Fire engine completely destroyed by blaze in Tavistock
By PGStrange | Sunday, February 03, 2013, 23:41
A £200,000 FIRE ENGINE has been completely destroyed in a blaze at a Tavistock workshop. But, due to quick thinking by the fire crews at the scene, no firefighters were injured...
A £200,000 fire engine from Tavistock was destroyed when burning diesel fuel engulfed it while firefighters tackled a blaze at a farm workshop on Collaton Lane
The incident occured while firefighters were tackling a blaze at a farm in Collaton Lane in the early hours of Sunday morning.
Crews from Tavistock, Plympton, Princetown, Camels Head and Crownhill arrived at the farm buildings shortly after 1am.
Upon arrival they found a fire in a large workshop. Western Power isolated the electrics, while members of the public were moved from adjacent buildings.
While crews battled the blaze using hose reel jets, a water bowser and thermal imaging equipment, the severity of the fire caused a diesel tank inside the farm building to rupture. Burning diesel fuel escaped from the tank and ran down the lane.
Crews quickly moved two appliances, but a third one - thought to be around ten years old, and one of two fire engines based at Tavistock - was engulfed in flames. It was abandoned as unsafe.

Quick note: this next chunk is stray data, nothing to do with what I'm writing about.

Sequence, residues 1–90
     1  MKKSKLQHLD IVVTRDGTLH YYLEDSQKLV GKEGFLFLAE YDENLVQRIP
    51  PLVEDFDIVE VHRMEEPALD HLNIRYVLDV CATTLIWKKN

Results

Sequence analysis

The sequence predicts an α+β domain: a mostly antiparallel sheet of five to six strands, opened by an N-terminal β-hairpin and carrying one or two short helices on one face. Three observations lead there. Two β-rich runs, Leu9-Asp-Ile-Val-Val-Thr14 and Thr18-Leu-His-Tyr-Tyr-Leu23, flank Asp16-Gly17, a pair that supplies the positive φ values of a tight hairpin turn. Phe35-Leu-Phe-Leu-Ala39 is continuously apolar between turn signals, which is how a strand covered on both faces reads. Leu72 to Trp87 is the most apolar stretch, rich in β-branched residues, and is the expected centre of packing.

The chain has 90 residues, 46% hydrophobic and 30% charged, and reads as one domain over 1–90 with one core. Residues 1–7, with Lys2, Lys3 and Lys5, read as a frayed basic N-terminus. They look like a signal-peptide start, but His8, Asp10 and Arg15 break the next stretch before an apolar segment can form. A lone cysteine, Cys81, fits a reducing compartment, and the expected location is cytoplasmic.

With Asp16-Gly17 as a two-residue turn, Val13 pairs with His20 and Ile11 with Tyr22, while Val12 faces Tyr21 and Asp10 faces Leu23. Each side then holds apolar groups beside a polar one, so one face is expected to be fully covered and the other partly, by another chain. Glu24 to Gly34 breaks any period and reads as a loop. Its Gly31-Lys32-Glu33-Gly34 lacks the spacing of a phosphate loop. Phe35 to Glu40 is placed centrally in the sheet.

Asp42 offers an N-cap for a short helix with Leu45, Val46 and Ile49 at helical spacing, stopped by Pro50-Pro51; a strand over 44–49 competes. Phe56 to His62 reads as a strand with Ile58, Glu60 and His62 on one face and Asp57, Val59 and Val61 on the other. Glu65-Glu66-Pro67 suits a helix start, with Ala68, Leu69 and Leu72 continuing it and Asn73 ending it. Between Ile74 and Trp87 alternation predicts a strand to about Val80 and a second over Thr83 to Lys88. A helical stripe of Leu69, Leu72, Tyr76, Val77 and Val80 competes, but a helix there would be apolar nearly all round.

As the night wore on, crews gradually got the workshop fire under control. By 8.20am crews were reduced. Work continued for much of the day, and at 2.30pm the incident was reduced to one fire engine, maintaining a watch on acetylene cylinders and ensuring that a safety cordon was maintained.
Area commander Steve Widnell has described the incident as a "freak occurence", and praised the fire crews for their quick actions. He said it highlighted the dangers fire fighters faced every day. He also said that the loss of the fire engine was "very sad for the crew" as they took "a lot of pride" in keeping their engines in "tip-top condition".
It's understood that investigations into both fires have begun. This morning (Monday 4 February), crews were still at the scene, monitoring the acetylene cylinders.